Republican House leaders shut down hearings on legislation to reduce benefits for Ohio’s largest public retirement system after running into fierce opposition from retirees.
The measure would implement recommendations by the Ohio Public Employees Retirement System — or OPERS — aimed to shore up the $90 billion fund.
“We’re not having anymore hearings on House Bill 413,” Rep Kirk Schuring, R-Canton and No. 2 leader in the House, said Thursday.
After a handful of hearings, the bill did not have enough votes to pass. In addition to complaints by retirees, it was opposed by many Republican and Democratic lawmakers — even the state representative sponsoring the bill was skeptical about the plan.
“I have concerns about it,” the bill’s sponsor, Rep. Gary Scherer, R-Circleville, said following a recent hearing. “In order to move ahead — if it is to move ahead — it will require changes.”
The Ohio Retirement Study Council, a bipartisan panel that typically evaluates and makes recommendations on such proposals, never formally reviewed the bill.
OPERS executive director Karen Carraher sad she was disappointed by legislators’ decision and cautioned that doing nothing was not a solution.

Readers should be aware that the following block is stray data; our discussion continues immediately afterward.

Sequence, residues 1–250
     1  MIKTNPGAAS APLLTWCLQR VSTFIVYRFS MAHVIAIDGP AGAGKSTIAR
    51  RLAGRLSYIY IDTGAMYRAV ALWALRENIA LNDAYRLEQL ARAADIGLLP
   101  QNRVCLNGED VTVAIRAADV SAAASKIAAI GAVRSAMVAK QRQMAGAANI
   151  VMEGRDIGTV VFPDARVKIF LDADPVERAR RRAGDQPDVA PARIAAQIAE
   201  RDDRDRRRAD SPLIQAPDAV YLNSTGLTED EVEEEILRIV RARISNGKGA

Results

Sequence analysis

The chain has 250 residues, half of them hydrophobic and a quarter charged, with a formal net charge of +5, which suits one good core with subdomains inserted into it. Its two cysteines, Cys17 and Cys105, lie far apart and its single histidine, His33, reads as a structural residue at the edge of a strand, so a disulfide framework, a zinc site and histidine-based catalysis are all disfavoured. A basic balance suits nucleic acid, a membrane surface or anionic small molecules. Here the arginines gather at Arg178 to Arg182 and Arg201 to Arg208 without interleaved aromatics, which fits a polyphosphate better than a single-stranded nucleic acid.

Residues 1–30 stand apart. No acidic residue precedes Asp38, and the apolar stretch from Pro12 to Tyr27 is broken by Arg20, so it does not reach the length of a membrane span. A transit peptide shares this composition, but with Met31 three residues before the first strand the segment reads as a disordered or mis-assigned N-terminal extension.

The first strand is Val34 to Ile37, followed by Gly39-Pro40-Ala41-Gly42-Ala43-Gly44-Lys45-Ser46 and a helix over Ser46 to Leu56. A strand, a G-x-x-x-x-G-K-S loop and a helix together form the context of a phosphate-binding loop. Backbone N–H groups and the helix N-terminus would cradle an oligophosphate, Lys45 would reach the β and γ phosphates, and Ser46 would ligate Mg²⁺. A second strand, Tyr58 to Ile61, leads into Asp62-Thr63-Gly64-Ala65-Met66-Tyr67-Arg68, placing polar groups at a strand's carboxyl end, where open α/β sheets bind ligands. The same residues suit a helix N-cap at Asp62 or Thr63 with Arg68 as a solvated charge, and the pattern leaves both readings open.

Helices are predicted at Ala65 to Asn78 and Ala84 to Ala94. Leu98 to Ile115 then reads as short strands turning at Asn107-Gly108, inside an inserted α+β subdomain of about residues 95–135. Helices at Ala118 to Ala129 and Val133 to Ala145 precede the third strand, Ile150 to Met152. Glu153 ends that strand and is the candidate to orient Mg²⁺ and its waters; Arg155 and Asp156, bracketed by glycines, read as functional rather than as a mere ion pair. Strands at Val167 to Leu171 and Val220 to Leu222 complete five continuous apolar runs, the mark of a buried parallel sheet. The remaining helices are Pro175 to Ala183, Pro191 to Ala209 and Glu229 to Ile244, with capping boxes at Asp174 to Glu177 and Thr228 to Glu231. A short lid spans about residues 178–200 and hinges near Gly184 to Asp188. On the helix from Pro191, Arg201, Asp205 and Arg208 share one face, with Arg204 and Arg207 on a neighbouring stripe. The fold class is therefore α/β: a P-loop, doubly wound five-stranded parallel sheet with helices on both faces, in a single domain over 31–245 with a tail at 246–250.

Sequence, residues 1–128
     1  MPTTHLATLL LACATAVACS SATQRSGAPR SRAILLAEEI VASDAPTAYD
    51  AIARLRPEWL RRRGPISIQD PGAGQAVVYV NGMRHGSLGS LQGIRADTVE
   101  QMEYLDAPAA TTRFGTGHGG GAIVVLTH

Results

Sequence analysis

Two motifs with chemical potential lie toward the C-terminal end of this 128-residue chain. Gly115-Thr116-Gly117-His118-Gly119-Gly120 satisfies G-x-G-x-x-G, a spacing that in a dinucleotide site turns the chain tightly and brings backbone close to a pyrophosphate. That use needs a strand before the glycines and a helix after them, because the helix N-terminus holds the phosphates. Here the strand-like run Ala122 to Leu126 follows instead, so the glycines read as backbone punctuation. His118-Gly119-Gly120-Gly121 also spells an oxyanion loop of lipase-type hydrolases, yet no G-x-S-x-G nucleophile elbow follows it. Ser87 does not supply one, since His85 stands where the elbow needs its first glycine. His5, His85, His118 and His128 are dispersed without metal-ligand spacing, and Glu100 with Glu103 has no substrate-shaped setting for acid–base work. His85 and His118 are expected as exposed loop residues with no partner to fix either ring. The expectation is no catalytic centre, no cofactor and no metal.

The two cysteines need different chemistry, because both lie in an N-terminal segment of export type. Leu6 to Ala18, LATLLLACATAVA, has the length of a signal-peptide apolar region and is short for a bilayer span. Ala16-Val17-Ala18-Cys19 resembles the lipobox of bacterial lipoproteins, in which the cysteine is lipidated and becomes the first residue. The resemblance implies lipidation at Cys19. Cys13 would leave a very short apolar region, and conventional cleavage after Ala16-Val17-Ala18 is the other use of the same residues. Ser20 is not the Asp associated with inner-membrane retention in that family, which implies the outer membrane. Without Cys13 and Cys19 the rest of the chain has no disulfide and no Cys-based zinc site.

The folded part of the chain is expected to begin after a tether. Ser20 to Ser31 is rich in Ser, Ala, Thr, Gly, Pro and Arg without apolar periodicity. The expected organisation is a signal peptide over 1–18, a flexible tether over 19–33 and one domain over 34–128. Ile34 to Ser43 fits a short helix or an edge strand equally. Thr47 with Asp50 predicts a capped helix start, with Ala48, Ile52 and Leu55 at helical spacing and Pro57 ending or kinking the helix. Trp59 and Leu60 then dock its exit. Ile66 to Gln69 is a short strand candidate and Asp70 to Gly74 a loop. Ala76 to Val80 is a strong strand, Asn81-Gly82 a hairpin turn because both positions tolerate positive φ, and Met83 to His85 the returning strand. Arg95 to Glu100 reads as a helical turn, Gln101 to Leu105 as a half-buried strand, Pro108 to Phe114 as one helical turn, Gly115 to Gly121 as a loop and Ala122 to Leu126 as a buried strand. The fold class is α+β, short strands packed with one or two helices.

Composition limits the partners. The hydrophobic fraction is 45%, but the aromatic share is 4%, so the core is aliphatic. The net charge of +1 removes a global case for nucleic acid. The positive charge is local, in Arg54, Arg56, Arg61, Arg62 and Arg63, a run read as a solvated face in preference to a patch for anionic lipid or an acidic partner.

“Based on advice of outside actuaries we felt that the proposal to update the OPERS cost-of-living adjustment, contained within House Bill 413, was the responsible way to preserve the benefits we provide to our more than 1 million members and retirees,” she said in a statement.
“The COLA issue is not resolved at this time, and OPERS will continue to pursue changes in the future to meet the retirement needs of all of our members and retirees.”
The plan would reduce annual cost-of-living adjustments from a fixed 3 percent to the percentage increase in the Consumer Price Index, subject to a 2.5 percent cap. The change was expected to reduce the system’s unfunded liabilities by $4 billion.
Retirees complained to lawmakers that they based their decision when to retire on the expectation of receiving a certain amount in benefits. The proposed cut, they noted, was on top of recent reductions in health-care benefits.
Carraher previously told lawmakers that the fund was in a strong financial position, with 2017 returns expected to exceed 16 percent, but cuts were needed to eliminate $19 billion in unfunded liability.